Two of our guests, Khadijat "Kubby" Rashid and Dr. Joseph Murray, will use American Sign Language (ASL) interpreters, provided by Gallaudet University. One interpreter will stand behind Kojo, interpreting host and audience questions from English to ASL. The other interpreter will sit in front of a mic, interpreting the guests’ answers from ASL to spoken English.

Studio Diagram

A web producer will also record video of the interview, which will be posted on the Kojo Nnamdi Show’s YouTube Channel.

In short, the studio will be very cozy, with one host, four guests, two interpreters and a producer.

  • Live Transcription

Transcripts of all Kojo Nnamdi Show and Diane Rehm Show segments are available on the show sites within a couple of hours of the broadcast. While this makes our content accessible to people with disabilities, a time lag prevents real-time participation.

For Monday’s show, we will feature live scrolling text through a partnership with Speche Communications. An off-site “stenocaptioner,” will listen to the broadcast over the web and transcribe the conversation. The cost of this paid service is being covered by the Kojo Nnamdi Show.

  • Integrating Listener Feedback

In a typical segment, Kojo solicits audience feedback and questions through a combination of listener phone calls, e-mails, Tweets, Facebook postings, and messages on our website. Gallaudet University has invited members of its extended community to send questions and comments over different platforms. WAMU does not have TTY capacity.

  • Next Steps?

Technology isn’t the major obstacle to accessible radio broadcasting. Groups like NPR Labs have proven that the transcription services can be delivered accurately in real-time on a variety of platforms, according to Larry Goldberg, Director of the National Center for Accessible Media.

One obstacle is hardware-related. None of the current crop of HD Radio’s available to the public feature a streaming transcription interface. “It’s a classic chicken-egg situation,” Goldberg explains. “Why would a manufacturer build a radio if there is no (accessible) content available? Why would (a radio station) broadcast it, if there is no hardware?”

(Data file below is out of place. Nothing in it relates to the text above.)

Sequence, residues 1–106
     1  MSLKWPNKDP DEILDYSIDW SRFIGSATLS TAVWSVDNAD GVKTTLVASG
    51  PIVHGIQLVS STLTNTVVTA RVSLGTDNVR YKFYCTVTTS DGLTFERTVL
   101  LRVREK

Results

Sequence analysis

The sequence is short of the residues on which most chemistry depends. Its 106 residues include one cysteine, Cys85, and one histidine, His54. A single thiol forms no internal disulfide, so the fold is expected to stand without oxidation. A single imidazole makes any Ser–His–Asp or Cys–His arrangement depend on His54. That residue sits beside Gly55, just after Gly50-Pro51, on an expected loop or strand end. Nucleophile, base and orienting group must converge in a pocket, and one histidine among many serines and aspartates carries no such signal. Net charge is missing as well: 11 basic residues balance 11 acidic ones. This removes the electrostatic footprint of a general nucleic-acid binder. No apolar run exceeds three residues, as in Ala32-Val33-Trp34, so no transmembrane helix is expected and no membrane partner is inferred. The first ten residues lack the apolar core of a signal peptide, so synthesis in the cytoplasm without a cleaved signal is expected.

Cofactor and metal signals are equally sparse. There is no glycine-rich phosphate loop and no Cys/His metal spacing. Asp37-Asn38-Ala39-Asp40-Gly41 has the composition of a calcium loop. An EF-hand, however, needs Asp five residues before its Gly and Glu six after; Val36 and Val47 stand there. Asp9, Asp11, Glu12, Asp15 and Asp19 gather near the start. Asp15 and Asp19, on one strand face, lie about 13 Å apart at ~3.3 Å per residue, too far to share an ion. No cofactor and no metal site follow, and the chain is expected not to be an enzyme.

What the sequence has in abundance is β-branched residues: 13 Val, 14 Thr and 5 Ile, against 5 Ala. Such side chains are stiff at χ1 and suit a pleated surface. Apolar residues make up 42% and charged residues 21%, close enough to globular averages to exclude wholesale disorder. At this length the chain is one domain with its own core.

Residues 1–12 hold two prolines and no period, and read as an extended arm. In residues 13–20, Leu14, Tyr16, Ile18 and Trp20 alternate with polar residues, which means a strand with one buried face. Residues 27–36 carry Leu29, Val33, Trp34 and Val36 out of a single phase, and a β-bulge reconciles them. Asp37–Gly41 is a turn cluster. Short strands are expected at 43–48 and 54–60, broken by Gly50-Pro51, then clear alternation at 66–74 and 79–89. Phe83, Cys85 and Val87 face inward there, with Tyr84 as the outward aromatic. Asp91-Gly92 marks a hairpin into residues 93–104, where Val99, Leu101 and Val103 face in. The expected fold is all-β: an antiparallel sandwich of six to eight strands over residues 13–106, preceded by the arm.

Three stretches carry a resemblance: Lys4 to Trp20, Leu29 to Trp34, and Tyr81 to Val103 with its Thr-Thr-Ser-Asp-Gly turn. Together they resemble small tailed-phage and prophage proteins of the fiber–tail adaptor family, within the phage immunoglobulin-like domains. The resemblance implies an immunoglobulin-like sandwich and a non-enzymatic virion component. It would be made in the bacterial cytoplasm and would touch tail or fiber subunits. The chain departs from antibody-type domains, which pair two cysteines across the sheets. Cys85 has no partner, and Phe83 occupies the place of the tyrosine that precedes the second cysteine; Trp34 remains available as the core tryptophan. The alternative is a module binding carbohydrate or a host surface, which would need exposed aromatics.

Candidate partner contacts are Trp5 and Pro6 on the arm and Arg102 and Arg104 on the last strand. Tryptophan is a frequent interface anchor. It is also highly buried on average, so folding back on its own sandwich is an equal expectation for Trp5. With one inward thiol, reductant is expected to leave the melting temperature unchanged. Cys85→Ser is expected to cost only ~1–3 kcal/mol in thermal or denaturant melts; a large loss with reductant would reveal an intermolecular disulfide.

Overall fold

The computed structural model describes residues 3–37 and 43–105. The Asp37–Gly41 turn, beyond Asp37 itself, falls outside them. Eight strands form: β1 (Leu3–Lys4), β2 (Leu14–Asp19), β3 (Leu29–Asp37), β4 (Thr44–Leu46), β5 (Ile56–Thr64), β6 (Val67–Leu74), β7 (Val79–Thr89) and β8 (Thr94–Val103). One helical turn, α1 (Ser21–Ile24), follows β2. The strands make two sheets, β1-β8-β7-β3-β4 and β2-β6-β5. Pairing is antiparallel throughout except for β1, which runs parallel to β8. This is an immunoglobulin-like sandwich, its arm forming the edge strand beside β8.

As smart phones and other web-enabled devices proliferate, Goldberg expresses hope that more transcription content will be available over the web. But the biggest challenge “really comes down to a question of who pays for it.”

  • Related Kojo Nnamdi Show segments

Technology and Print Disability (September 7, 2011): Two leading technologists for the blind and people with “print disabilities,” discuss the future of printing and accessibility.

Disability and Global Development (July 25, 2011): A panel of leading international advocates discuss the World Health Organization / World Bank “World Report on Disability,” and the challenge of integrating people with disabilities into mainstream international development thinking.

Expanding Access to Broadcast Technology (October 11, 2010): A panel of advocates and technologists explore “The 21st Century Communications and Video Accessibility Act,” a law that will increase the content accessible to people with disabilities.

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The Kojo Nnamdi Show is produced by member-supported WAMU 88.5 in Washington DC.